The Brotherhood and liberal and leftist activists who backed last year’s revolution against Mubarak accused the military of using the constitutional court as a proxy to preserve the hold of the ousted leader’s authoritarian regime and the generals over the country. Many of them were vowing new street protests.

Hossam Bahgat, director of the Egyptian Initiative for Personal Rights, said in a Twitter post:

According to the BBC, last year’s Parliamentary elections were “against the rules”

The court had been considering the validity of last year’s parliamentary election, because some of the seats were contested on a proportional list system, with others on the first-past-the-post system.

It decided that the election law had allowed parties to compete for seats reserved for independent candidates.

The head of the supreme court Farouk Soltan told Reuters: “The ruling regarding parliament includes the dissolution of the lower house of parliament in its entirety because the law upon which the elections were held is contrary to rules of the constitution.”

Many of the seats ruled unconstitutional were won by the Muslim Brotherhood.

In his New York Times article, David D. Kirkpatrick noted the consequences of the new president taking power with no Parliament to hold him on check:

The ruling means that whoever emerges as the winner of the runoff will take power without the check of a sitting Parliament and could even exercise some influence over the election of a future Parliament. It vastly compounds the stakes in the presidential race, raises questions about the governing military council’s commitment to democracy, and makes uncertain the future of a constitutional assembly recently formed by Parliament as well.

The decision, which dissolves the first freely elected Parliament in Egypt in decades, supercharges a building conflict between the court, which is increasingly presenting itself as a check on Islamists’ power, and the Muslim Brotherhood.

The ruling, by the highest judicial authority in Egypt, cannot be appealed and it was not clear how the military council, which  has been governing Egypt since Mr. Mubarak’s downfall in February 2011, would respond. But in anticipation that the court’s ruling could anger citizens, the military authorities reimposed martial law on Wednesday.

The ruling is a result of the Islamic dominated Parliament passing a law that barred prominent figures from the old regime from running for office. Critics of the law said that it targeted Shafiq and the court, in its ruling, said that the law lacked “objective grounds”, was discriminatory and violated “the principle of equality.”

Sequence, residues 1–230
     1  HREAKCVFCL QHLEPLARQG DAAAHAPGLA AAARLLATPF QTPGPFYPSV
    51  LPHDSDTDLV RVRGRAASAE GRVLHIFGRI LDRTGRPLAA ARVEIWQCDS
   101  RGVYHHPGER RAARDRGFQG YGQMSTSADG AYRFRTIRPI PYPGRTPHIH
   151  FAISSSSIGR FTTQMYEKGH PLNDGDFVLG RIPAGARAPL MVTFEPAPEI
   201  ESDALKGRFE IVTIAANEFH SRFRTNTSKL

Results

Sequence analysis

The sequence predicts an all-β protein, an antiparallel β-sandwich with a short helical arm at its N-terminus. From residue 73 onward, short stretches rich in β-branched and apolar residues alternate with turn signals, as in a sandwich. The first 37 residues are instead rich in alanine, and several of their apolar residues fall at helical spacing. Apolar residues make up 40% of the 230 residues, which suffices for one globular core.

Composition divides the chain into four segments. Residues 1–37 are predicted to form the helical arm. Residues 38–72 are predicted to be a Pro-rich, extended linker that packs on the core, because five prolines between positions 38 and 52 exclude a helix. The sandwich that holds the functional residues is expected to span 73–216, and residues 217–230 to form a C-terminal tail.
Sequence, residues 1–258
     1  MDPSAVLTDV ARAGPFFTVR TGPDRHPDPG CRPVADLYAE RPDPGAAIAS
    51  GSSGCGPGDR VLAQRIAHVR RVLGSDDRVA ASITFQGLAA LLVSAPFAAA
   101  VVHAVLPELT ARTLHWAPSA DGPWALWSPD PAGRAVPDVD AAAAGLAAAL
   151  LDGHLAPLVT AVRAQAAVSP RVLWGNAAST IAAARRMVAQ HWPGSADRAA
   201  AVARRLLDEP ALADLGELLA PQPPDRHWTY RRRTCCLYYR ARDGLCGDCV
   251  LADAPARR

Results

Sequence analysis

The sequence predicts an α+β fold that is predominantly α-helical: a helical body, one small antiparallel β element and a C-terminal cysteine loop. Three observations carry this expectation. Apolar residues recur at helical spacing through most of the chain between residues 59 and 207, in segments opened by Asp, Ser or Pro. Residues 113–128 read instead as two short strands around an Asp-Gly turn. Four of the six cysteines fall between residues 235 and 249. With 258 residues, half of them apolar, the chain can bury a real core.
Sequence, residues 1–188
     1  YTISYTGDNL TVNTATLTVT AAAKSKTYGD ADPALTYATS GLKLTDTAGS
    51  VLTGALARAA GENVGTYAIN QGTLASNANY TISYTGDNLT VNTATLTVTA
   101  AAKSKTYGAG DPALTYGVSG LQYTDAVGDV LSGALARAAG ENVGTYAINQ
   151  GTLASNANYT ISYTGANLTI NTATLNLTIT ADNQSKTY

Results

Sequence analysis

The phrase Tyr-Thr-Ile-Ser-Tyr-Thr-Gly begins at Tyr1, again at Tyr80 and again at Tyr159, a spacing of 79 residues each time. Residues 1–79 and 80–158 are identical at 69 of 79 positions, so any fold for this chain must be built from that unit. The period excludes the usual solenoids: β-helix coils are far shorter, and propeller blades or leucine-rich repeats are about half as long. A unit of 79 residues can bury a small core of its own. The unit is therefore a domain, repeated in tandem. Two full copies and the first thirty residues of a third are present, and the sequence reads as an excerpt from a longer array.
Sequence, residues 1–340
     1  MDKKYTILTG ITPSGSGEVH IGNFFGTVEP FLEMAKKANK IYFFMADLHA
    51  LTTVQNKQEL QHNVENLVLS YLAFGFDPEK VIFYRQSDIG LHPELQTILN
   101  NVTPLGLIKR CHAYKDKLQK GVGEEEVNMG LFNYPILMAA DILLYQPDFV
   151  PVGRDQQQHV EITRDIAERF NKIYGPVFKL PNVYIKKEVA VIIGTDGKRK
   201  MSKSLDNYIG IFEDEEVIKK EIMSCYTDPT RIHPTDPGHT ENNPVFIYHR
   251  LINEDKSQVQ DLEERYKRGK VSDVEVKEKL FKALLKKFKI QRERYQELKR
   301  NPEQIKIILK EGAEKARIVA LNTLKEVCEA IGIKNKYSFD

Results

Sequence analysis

Since the Mubarak’s fall, Egypt’s military has promised to hand power to an elected president by the start of July, but with no constitution and now the prospect of no parliament to write one, the new president is unlikely have his powers defined by the time he comes into office. And that has all the earmarks of a disaster for the Arab Spring and democracy in Egypt.

Times Person of the Year: It Is Us, The Protesters

Cross posted from The Stars Hollow Gazette

It started with a 26 year old Tunisian street vendor who set himself on fire sparking protests that over threw the government. The protest has spread to Egypt, Yemen, Jordan, Libya, Syria, Israel, Greece, Wisconsin, Ohio, New York City and across the United States to Chicago, Houston, Oakland, Portland, and Los Angeles. Russians have taken to the streets in the largest protests since the overthrow of the Soviet Union that may end the career of Vladimir Putin. It has been a year of protests that have changed the world. And we aren’t done.

Now Time magazine has named me, you, all of us, the Protester, the Person of the Year.

History often emerges only in retrospect. Events become significant only when looked back on. No one could have known that when a Tunisian fruit vendor set himself on fire in a public square in a town barely on a map, he would spark protests that would bring down dictators in Tunisia, Egypt and Libya and rattle regimes in Syria, Yemen and Bahrain. Or that that spirit of dissent would spur Mexicans to rise up against the terror of drug cartels, Greeks to march against unaccountable leaders, Americans to occupy public spaces to protest income inequality, and Russians to marshal themselves against a corrupt autocracy.Protests have now occurred in countries whose populations total at least 3 billion people, and the word protest has appeared in newspapers and online exponentially more this past year than at any other time in history.